What is the difference between the cash basis and the accrual basis of accounting?
Under the cash basis of accounting…
1. Revenues are reported on the income statement in the period in which the cash is received from customers.
2. Expenses are reported on the income statement when the cash is paid out.
Under the accrual basis of accounting…
1. Revenues are reported on the income statement when they are earned—which often occurs before the cash is received from the customers.
2. Expenses are reported on the income statement in the period when they occur or when they expire—which is often in a period different from when the payment is made.
The accrual basis of accounting provides a better picture of a company’s profits during an accounting period. The reason is that the income statement prepared under the accrual basis will report all of the revenues actually earned during the period and all of the expenses incurred in order to earn the revenues.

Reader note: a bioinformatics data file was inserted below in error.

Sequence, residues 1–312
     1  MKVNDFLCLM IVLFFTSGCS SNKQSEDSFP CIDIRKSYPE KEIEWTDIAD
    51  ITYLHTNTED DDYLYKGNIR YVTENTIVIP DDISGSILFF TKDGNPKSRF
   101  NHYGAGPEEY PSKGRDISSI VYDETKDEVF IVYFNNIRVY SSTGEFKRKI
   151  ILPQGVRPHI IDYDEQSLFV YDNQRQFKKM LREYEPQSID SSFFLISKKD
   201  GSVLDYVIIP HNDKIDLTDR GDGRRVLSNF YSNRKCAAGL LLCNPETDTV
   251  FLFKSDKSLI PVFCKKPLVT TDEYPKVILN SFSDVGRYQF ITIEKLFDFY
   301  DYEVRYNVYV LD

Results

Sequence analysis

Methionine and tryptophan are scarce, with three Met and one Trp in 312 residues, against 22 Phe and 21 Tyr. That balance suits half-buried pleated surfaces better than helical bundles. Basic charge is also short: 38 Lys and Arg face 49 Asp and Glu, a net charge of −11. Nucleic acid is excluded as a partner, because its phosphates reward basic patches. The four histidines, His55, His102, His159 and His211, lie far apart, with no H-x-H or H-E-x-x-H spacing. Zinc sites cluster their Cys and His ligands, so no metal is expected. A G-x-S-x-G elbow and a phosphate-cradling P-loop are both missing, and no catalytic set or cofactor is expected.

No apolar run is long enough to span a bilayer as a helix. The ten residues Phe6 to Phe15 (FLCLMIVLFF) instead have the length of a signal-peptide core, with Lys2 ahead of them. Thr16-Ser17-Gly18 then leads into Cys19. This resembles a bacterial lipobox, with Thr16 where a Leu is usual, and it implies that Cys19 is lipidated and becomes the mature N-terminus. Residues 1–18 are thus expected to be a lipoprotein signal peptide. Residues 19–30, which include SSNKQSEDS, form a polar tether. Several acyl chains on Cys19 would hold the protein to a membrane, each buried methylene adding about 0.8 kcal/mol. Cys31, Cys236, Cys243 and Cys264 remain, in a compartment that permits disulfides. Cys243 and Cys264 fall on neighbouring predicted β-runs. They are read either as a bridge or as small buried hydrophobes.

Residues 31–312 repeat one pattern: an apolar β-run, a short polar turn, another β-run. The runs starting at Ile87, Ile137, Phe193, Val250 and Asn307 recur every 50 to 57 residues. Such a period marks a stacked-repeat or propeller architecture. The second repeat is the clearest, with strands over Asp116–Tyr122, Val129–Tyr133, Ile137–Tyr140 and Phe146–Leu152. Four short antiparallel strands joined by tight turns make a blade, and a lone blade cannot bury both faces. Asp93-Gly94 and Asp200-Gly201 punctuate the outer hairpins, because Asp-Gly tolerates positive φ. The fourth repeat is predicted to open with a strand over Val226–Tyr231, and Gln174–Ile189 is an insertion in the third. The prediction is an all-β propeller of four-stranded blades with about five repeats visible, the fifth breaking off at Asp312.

The accrual basis of accounting also provides a better picture of a company’s financial position at a moment or point in time. The reason is that all assets that were earned are reported and all liabilities that were incurred will be reported.
The accrual basis of accounting is required because of the matching principle.
Learn more about Accounting Principles.
About the Author: Harold Averkamp (CPA) has worked as an accountant, consultant, and university accounting instructor for more than 25 years. He is the creator and author of all the content found on AccountingCoach.com. You can read 1,500 testimonials praising his ability to explain accounting in a way that anybody can understand.
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